To end this first blog in this series on a brief history of Fearology, I draw your attention to an excerpt I took from the internet on the brief history of Sexology. Again, because from the beginning of my work in 1989 on fear (and 'fear') and fearlessness, the analogy of studying fear the way humans have studied sex, be it formally or informally, is useful. I like reading texts on sex and sexuality and sexology, then going in to the text and replacing the work sex with fear in all instances. This gives a kind of legitimation to the study of fear so seriously as have others done with sex. It always leaves me feeling more assured that someday, even with resistances (as you can read below in the history of sexology and taboos against knowing) that fearology will someday emerge as a distinct field of scholarship, professional practice and basic education for all. It must be added, of course, that thanatology (the study of death and human relationship to it) is also a similar analogy and taboo of sorts, which I will write about in another of this series of blogs.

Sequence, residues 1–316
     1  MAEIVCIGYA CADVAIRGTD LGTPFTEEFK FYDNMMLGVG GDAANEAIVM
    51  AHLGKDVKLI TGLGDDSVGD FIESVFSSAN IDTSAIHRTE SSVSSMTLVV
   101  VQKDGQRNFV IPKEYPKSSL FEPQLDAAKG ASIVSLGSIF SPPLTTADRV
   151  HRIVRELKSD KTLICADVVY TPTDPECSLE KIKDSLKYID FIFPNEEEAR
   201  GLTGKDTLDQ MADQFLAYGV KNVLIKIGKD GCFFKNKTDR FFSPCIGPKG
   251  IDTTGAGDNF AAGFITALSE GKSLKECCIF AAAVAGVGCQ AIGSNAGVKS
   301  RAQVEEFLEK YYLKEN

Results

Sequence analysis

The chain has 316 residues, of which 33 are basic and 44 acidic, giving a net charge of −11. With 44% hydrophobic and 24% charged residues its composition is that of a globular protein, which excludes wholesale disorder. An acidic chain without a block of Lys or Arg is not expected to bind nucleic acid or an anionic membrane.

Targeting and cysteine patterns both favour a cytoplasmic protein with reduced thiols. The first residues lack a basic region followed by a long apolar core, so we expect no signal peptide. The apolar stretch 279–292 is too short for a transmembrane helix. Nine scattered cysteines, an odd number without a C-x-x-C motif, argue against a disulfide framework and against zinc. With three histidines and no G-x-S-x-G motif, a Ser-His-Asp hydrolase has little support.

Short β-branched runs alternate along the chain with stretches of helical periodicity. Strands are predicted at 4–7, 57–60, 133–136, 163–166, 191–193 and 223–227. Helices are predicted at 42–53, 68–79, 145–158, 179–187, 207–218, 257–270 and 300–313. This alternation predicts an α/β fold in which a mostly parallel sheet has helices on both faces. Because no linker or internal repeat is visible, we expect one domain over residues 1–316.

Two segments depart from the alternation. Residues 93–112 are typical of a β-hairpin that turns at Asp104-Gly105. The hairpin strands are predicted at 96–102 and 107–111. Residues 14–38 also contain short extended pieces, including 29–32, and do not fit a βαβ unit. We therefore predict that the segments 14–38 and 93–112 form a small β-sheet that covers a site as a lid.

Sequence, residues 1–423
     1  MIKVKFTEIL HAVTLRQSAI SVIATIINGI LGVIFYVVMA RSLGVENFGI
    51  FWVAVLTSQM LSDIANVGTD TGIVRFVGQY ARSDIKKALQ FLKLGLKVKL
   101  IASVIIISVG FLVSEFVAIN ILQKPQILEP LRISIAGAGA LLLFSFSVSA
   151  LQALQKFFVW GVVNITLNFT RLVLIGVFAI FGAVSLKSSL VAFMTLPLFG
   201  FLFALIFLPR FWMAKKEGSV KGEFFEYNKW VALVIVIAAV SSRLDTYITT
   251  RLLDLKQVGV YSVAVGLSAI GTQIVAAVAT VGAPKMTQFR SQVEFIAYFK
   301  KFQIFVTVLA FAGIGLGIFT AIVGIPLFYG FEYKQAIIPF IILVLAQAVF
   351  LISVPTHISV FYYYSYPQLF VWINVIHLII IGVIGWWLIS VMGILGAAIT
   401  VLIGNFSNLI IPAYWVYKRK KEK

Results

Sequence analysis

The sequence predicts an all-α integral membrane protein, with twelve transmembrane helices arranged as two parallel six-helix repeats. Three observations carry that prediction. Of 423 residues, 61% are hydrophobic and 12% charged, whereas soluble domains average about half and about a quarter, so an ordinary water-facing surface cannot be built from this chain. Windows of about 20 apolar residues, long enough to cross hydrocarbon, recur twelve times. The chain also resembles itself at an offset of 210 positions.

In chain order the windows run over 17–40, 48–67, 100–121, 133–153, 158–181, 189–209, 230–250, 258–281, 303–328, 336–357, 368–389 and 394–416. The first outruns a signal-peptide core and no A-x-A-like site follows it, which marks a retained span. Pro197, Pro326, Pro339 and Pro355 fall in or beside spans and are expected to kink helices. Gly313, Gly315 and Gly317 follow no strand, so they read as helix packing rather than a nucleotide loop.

So as you read the below, on sexology, try replacing fearology, and on sex, replacing fear, just to get a feel for how this analogy may be very useful in guiding future understandings and research on fearology. What is clear is that there is a politics of knowledge/power pervasive in any society and when it comes to taboo topics (e.g., sex, death, fear) there is going to be resistance to the development of awareness, education and knowledge that promotes better sex, death and fear management. It is of course to me an irony this is the case, because I also see that humanity (in the long run) also wants to advance its knowledge and skills in managing these topics.